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Copyright © Cengage Learning. All rights reserved. 13 The Integral

Copyright © Cengage Learning. All rights reserved. 13.2 Substitution

33 The chain rule for derivatives gives us an extremely useful technique for finding antiderivatives. This technique is called change of variables or substitution. Recall that to differentiate a function like (x 2 + 1) 6, we first think of the function as g(u) where u = x 2 + 1 and g(u) = u 6. We then compute the derivative, using the chain rule, as

44 Substitution Any rule for derivatives can be turned into a technique for finding antiderivatives by writing it in integral form. The integral form of the formula is But, if we write g(u) + C = ∫ g(u) du, we get the following interesting equation: This equation is the one usually called the change of variables formula.

55 Substitution We can turn it into a more useful integration technique as follows. Let f = g(u)(du/dx). We can rewrite the change of variables formula using f : In essence, we are making the formal substitution

66 Substitution Substitution Rule If u is a function of x, then we can use the following formula to evaluate an integral:

77 Substitution Rather than use the formula directly, we use the following step-by-step procedure: 1. Write u as a function of x. 2. Take the derivative du/dx and solve for the quantity dx in terms of du. 3. Use the expression you obtain in step 2 to substitute for dx in the given integral and substitute u for its defining expression.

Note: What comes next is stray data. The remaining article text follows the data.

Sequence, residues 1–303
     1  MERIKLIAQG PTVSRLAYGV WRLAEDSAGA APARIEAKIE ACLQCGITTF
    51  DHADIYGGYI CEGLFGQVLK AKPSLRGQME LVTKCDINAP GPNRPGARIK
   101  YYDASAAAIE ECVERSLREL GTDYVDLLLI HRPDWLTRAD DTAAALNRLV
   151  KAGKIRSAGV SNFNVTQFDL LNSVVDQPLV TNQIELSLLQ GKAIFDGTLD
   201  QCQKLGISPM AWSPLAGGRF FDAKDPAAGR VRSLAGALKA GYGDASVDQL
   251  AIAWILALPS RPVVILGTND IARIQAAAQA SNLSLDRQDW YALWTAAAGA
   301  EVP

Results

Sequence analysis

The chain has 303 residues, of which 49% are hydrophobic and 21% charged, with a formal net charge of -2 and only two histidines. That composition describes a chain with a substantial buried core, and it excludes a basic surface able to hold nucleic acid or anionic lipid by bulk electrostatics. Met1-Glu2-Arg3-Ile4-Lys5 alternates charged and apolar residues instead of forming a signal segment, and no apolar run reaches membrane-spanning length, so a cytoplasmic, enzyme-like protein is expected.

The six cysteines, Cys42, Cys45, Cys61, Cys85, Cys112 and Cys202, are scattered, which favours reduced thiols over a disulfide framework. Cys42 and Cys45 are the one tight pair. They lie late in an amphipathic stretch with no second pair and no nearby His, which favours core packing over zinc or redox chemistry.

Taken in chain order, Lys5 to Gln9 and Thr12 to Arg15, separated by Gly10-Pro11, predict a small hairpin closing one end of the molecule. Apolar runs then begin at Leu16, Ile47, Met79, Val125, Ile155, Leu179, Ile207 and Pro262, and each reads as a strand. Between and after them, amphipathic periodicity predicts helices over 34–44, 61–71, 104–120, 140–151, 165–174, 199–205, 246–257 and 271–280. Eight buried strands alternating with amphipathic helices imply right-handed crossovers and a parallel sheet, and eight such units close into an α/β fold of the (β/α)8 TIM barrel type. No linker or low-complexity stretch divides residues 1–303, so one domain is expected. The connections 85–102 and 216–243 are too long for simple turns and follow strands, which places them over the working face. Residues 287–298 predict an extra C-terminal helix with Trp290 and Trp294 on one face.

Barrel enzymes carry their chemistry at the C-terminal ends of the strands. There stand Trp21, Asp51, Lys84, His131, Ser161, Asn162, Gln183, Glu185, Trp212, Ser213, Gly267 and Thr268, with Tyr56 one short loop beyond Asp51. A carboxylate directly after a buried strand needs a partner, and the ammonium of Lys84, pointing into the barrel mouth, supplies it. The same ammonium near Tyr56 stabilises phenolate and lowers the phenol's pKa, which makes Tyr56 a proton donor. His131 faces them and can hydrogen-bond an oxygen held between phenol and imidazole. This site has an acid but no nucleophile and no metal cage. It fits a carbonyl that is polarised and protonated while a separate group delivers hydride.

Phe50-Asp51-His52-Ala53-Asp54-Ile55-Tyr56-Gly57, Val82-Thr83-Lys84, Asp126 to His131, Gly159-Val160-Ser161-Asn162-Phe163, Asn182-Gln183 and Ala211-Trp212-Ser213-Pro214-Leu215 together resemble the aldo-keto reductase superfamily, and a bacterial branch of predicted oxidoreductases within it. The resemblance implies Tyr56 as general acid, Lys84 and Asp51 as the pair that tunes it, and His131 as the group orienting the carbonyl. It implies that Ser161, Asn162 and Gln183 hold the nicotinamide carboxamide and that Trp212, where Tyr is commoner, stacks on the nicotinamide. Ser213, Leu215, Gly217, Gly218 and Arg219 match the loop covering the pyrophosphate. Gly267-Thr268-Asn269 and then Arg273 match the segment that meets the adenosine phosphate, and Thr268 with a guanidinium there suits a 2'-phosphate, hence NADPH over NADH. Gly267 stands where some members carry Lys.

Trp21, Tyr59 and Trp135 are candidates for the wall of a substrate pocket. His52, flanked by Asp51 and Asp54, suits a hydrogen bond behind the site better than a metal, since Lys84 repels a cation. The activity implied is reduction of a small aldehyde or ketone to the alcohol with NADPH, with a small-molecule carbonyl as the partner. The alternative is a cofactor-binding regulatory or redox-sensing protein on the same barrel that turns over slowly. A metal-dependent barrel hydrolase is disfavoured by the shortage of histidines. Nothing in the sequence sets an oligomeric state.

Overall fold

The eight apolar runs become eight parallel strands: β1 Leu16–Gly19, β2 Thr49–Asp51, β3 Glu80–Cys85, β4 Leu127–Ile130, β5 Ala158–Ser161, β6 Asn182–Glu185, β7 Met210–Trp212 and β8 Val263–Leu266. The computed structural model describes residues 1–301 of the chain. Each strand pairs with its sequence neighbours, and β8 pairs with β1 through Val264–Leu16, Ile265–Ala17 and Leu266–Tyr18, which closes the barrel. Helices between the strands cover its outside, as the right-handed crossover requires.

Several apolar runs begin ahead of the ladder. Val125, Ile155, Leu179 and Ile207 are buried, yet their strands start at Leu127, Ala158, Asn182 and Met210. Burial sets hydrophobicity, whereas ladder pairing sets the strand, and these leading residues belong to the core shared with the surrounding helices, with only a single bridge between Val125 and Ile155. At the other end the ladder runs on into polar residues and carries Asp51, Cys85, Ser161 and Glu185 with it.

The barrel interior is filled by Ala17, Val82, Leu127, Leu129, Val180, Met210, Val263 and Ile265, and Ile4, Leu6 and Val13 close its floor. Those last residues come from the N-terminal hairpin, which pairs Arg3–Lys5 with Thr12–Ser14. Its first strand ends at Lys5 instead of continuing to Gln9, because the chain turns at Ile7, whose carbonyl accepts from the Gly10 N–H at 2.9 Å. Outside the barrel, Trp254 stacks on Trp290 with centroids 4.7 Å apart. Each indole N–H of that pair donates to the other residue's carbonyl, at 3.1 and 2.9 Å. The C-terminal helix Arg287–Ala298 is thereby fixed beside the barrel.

88 Example 1 – Substitution Find ∫ 4x(x 2 + 1) 6 dx. Solution: To use substitution we need to choose an expression to be u. There is no hard and fast rule, but here is one hint that often works: Take u to be an expression that is being raised to a power. In this case, let’s set u = x 2 + 1.

99 Example 1 – Solution Continuing the procedure above, we place the calculations for step 2 in a box. cont’d Write u as a function of x. Take the derivative of u with respect to x. Solve for dx: dx = du.

10 Now we substitute u for its defining expression and substitute for dx in the original integral: ∫ 4x(x 2 + 1) 6 dx = ∫ 4xu 6 du = ∫ 2u 6 du. We have boiled the given integral down to the much simpler integral ∫ 2u 6 du, and we can now write down the solution: Example 1 – Solution cont’d Substitute for u and dx. Cancel the xs and simplify. Substitute (x 2 + 1) for u in the answer.

11 Shortcuts

12 Shortcuts Shortcuts: Integrals of Expressions Involving (ax + b) Rule Quick Example

13 Shortcuts Rule Quick Example cont’d

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